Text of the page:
MT. VERNON, IOWA - The Tilt-Up Concrete Association (TCA) - a non-profit international organization that serves to expand and improve the use of Tilt-Up as the preferred construction method - has announced the winners of The Concrete Classroom 2010, an international design competition. Winners were announced at the TCA Annual Winter Meeting, which is held in conjunction with World of Concrete, in Las Vegas on Jan. 20, 2011.
Graduate and undergraduate students in the field of architecture were invited to present conceptual designs for a new education and training facility for a state concrete association, specifically designed with emphasis on the practical sustainability using site-cast Tilt-Up concrete panels. The competition was an international, open, single-stage ideas competition.
"The competition attracted a record number of entries from across the globe. The submitted designs were extremely diverse and demonstrated a great deal of ingenuity and creativity," Mitch Bloomquist, project manager for the TCA said, "promising an exciting future for the Tilt-Up industry."
Entries were received from several colleges and universities. Two University of Malaya students won first place, a student from the University of Houston received second place and two students from Alfred State College earned third place. Two submittals from two-person teams at Alfred State College received honorable mention distinctions.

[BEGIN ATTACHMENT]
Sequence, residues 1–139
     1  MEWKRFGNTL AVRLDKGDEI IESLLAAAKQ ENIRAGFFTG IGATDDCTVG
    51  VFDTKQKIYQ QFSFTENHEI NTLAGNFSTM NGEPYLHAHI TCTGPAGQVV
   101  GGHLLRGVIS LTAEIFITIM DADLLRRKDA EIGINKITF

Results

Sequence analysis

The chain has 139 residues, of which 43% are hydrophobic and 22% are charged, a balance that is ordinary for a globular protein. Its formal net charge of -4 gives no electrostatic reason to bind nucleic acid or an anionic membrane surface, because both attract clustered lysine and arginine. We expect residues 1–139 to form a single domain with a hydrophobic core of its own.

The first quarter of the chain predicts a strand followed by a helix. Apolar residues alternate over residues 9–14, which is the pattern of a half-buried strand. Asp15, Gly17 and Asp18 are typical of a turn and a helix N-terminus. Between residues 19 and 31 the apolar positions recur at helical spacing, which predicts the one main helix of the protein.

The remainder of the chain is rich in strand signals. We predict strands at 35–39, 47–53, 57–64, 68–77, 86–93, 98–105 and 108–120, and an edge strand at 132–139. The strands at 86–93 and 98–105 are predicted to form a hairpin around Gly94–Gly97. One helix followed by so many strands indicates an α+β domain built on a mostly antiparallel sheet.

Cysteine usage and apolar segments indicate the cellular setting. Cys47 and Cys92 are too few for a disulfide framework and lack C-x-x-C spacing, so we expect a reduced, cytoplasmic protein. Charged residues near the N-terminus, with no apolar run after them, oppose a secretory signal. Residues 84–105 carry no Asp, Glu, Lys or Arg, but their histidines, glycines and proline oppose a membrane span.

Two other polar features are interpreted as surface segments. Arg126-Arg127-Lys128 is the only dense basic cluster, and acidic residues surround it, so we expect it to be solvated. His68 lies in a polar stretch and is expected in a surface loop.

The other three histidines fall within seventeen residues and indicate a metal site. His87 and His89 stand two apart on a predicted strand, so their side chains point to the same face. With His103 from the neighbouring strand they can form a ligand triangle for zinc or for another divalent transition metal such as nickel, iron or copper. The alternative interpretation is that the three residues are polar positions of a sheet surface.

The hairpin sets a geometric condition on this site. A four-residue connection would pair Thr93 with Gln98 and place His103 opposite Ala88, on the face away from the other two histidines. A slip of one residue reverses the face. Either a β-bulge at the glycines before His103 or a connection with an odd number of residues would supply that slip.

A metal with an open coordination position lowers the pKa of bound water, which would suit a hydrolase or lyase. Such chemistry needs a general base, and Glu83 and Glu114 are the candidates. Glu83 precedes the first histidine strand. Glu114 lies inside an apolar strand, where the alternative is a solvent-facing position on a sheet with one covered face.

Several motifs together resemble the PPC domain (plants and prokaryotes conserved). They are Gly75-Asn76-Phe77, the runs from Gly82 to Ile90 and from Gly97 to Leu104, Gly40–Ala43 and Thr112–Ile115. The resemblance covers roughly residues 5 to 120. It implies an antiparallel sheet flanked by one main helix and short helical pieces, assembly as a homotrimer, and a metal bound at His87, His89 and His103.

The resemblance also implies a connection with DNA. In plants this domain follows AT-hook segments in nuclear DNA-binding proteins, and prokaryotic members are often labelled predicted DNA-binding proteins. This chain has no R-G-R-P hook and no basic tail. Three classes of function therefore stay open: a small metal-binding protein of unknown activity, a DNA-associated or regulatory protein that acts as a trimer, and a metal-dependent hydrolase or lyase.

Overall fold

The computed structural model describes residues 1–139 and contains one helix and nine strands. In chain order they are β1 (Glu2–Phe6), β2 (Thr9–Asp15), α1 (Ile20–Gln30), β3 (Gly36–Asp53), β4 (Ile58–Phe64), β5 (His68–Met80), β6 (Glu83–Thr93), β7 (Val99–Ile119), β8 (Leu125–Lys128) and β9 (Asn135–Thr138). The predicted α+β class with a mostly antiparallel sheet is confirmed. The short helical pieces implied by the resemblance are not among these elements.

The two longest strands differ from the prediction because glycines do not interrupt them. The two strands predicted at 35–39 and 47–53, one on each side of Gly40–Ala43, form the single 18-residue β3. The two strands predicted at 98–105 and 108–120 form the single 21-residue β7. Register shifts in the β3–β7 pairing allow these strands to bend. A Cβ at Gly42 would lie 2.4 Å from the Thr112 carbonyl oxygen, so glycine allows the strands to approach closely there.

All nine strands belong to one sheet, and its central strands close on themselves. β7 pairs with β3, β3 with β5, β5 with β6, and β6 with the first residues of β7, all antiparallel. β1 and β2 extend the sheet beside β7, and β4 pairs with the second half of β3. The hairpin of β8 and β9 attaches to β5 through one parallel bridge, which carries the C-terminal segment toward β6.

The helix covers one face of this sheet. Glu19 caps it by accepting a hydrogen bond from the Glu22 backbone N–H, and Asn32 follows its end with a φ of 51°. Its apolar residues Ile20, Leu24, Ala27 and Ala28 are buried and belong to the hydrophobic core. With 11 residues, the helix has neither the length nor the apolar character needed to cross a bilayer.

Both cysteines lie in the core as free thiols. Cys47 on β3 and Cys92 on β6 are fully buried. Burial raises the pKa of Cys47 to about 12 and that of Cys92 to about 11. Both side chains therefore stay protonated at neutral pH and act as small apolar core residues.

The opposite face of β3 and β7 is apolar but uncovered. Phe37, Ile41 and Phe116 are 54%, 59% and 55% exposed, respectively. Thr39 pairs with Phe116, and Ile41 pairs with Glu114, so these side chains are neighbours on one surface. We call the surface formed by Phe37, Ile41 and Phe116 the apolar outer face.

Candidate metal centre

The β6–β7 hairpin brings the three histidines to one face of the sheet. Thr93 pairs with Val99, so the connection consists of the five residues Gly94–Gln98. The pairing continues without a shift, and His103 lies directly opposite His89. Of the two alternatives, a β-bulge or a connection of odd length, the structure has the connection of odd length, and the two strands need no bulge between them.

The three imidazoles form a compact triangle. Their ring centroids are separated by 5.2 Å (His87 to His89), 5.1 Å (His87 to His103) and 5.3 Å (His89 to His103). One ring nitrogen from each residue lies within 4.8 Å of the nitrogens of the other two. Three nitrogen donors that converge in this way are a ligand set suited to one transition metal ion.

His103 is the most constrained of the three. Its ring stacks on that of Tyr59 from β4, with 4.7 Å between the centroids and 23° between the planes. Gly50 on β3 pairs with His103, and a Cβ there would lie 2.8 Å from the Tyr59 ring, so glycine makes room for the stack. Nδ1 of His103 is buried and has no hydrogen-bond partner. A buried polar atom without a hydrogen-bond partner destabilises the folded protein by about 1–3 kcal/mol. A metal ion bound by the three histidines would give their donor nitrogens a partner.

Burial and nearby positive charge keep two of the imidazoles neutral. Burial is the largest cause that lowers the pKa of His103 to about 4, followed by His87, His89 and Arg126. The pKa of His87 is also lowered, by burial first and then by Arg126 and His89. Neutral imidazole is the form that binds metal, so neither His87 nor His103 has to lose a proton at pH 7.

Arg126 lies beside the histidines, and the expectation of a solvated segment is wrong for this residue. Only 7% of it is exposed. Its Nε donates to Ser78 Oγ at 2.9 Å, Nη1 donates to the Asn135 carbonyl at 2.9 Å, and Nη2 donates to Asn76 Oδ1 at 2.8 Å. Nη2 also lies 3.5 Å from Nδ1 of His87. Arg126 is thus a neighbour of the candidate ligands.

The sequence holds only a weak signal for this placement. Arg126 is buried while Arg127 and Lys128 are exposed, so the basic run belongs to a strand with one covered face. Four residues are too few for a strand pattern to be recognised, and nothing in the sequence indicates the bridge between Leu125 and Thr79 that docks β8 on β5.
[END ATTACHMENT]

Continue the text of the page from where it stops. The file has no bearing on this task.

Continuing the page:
Judges this year included four registered architects from across the country including two of the leading design professionals in the industry, a registered architect from the TCA staff, and the architect-of-record for the future concrete classroom. The panel of judges also included a representative from the Tennessee Concrete Association for which the facility is being planned. The following criteria were used to evaluate the submittals:
- Creative/Aesthetic use of Tilt-Up concrete in the design solution
- Tilt-Up concrete design - contribution to sustainable solution
- Quality of overall concept, design, layout
- Overall sustainable solution
The first place winners were the two-person team of Jong Lee Fung and William Ng from the University of Malaya. Their solution includes a building comprised of several free-standing planar pieces that seem interlocking with each other. Intended to change the perception that Tilt-Up buildings are boxy, the walls act as dividers for different spaces. To show the design flexibility of the Tilt-Up concrete panels, some walls are designed into angular panels with circular opening and some with large openings. When entering the classroom, one will encounter a "tilting" wall, which may act as a demonstration panel.
For this entry, The Concrete Classroom's pentagon shape shows that it is steady and perpetual. The pentagon Concrete Classroom also portrays the possible combination of concrete with steel, glass, timber, water, light and shadow. The entrance of the Concrete Classroom seems to extend outward, with a cantilevered roof and water feature, creating a welcoming feel. Before entering the classroom, there is a foyer to serve as a break area. A large sliding glass door is placed on the south side of the building to maximize the use of natural day lighting as well as maximizing view towards the open area. The west facing roof is lifted higher to allow daylight penetrate deeper in to the room while blocking the west sun.